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The new NFL season is rapidly approaching, and the Patriots seem to be dropping like flies. In fact, the offense especially is losing its most potent targets for Tom Brady; good thing he can make anyone look good. If there was ever a time for another AFC East team to take over dominance, it’s now. However, don’t count the Pats out just yet. Brady is still here, and there are other options to go to. Last year, the tight end tandem of Aaron Hernandez and Rob Gronkowski nearly won the Pats another Super Bowl in front of Tom Brady. Now, Gronk is hurt, and we all remember what happened with Hernandez.
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So where does that leave the tight end depth chart? Let’s take a look at how the Patriots look to start the season at the tight end position this time around:
Gronk is a beast, but he’s had problems ever since breaking his arm on an extra point late last season. The Pats recently put their non-Brady star on the PUP list, but that means little, since they can always remove him before September without penalty. If he’s healthy, he’ll play.
Gronk’s forearm should be good to go (good enough at least); that pesky infection in the break is no more, and there haven’t been any reported setbacks. After undergoing back surgery to help with disc issues in June, his surgeon Dr. Robert Watkins and the facility released the following statement:
“New England Patriots’ tight end Rob Gronkowski underwent a microscopic lumbar discectomy surgery performed by Dr. Robert Watkins at Marina Del Rey Hospital in Los Angeles. The surgery went well. The timing of his return to football will depend on his progression through the rehabilitation program.”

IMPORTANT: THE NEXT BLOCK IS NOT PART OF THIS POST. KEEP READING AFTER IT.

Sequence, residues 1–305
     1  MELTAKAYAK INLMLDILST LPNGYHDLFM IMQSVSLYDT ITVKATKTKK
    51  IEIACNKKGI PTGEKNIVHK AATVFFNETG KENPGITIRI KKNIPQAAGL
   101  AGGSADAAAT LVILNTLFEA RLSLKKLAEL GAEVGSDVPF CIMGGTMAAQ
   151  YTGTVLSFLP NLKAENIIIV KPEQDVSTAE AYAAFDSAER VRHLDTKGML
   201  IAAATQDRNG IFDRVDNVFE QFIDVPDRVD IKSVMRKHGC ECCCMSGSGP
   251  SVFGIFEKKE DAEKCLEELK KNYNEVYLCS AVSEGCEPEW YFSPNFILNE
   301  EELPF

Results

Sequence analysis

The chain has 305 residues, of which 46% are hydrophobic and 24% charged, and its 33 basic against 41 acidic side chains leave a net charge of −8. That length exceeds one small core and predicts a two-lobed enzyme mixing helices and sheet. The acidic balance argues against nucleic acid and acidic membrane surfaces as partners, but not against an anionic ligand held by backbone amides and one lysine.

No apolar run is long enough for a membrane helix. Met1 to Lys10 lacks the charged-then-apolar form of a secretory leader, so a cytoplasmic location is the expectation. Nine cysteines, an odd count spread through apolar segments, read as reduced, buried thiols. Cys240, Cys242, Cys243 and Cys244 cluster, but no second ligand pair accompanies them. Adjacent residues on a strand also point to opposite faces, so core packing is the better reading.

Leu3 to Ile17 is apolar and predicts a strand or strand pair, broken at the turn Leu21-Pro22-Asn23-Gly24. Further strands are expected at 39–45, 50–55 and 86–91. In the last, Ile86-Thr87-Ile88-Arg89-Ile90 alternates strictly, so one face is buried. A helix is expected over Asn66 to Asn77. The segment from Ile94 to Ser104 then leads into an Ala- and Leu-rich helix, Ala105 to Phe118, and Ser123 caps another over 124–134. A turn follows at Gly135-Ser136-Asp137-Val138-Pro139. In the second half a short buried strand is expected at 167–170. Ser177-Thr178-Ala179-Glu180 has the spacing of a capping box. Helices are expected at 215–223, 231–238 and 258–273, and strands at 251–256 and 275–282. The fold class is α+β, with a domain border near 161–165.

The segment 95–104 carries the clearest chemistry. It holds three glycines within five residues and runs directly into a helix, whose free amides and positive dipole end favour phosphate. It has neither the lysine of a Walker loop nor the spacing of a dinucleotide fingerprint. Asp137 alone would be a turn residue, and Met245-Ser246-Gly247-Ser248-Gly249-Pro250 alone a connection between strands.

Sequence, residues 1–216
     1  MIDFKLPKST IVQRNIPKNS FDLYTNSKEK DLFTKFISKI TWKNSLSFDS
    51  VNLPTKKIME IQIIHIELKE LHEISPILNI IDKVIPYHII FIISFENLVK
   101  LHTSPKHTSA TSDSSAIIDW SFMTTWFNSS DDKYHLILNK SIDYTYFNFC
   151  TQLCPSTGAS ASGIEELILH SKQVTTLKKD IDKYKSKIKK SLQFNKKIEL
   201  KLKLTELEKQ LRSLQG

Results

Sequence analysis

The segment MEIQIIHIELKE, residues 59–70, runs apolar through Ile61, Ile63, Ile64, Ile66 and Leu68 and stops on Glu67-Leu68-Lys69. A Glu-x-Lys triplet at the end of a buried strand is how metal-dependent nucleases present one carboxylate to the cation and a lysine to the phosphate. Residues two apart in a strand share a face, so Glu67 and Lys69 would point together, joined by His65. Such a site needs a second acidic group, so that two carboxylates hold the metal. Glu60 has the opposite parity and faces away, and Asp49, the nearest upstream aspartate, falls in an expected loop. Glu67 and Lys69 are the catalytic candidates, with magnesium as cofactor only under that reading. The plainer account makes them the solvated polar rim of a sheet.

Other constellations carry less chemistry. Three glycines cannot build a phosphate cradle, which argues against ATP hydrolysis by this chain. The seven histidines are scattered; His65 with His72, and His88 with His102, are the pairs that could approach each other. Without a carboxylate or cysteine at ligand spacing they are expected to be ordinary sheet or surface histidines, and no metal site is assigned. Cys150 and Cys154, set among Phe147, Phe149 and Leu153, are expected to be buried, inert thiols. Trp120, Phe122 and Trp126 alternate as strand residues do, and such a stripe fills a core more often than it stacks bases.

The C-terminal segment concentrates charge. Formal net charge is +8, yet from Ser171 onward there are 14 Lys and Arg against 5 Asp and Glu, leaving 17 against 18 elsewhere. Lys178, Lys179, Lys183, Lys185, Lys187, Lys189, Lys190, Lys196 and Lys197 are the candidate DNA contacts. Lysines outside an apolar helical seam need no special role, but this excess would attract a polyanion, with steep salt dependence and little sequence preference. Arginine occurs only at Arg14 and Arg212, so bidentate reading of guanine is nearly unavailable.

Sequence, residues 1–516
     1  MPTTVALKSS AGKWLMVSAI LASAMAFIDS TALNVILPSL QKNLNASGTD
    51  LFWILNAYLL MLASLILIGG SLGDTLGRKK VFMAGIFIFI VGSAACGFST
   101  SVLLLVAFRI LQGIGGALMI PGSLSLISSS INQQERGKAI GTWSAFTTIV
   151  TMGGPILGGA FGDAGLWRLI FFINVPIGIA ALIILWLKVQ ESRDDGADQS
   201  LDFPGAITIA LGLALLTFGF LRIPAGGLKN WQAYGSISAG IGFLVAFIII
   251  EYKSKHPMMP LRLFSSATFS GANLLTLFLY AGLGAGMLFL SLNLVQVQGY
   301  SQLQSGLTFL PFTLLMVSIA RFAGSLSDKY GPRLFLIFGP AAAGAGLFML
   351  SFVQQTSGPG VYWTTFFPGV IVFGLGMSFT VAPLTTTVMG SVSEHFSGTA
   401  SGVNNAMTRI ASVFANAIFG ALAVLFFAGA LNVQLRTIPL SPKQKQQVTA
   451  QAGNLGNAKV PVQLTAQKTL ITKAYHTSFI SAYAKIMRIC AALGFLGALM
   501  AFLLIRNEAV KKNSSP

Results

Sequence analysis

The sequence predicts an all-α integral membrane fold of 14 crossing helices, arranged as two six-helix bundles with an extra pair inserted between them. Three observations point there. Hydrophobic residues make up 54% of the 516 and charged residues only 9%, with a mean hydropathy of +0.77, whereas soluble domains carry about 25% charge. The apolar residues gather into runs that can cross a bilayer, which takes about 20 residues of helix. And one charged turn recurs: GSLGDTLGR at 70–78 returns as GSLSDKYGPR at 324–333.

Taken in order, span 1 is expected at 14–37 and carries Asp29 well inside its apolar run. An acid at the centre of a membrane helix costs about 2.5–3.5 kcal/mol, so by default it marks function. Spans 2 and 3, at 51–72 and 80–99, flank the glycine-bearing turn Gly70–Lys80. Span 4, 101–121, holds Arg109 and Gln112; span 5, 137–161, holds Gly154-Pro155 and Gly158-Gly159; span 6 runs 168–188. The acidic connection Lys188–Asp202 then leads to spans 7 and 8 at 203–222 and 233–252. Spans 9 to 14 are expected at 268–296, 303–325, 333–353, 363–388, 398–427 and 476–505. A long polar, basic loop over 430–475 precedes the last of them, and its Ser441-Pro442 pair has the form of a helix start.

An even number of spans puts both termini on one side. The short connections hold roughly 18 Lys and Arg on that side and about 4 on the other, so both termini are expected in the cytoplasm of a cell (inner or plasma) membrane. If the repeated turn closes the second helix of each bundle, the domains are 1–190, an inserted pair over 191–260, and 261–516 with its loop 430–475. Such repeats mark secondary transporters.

The recovery time for such surgeries run about three months, which would make Gronkowski playing in Week 1 a photo finish. If he were to miss any games, it would most likely be one or two at worst. If Gronk is still on the PUP list in September, he’d have to miss six games, and the Pats can’t afford that.
Given that the Pats’ first three games are at Buffalo then versus the Jets and Buccaneers, Gronk wouldn’t be expressly needed until Week 4 in Atlanta. Buffalo and New York are in turmoil, and we’ll see what Darelle Revis can do with Tampa after his own injury issues.
The bottom line in all this is that Gronk shouldn’t miss much time, if any. As long as he’s not too reckless and doesn’t take the worst of hits, he should be okay, if not at the level he once was.
Aside from a two-yard rushing touchdown on a backwards pass in 2011, Gronk has done the following:
The Patriots sure have a thing in recent years for former Rams. Hoomanawanui caught three touchdowns in his rookie season in 2010, but hasn’t done too much since. In fact, he has 25 receptions combined in his three-year career, with his reception total going down each year. However, in his one season with the Patriots last year, his yards per catch nearly doubled.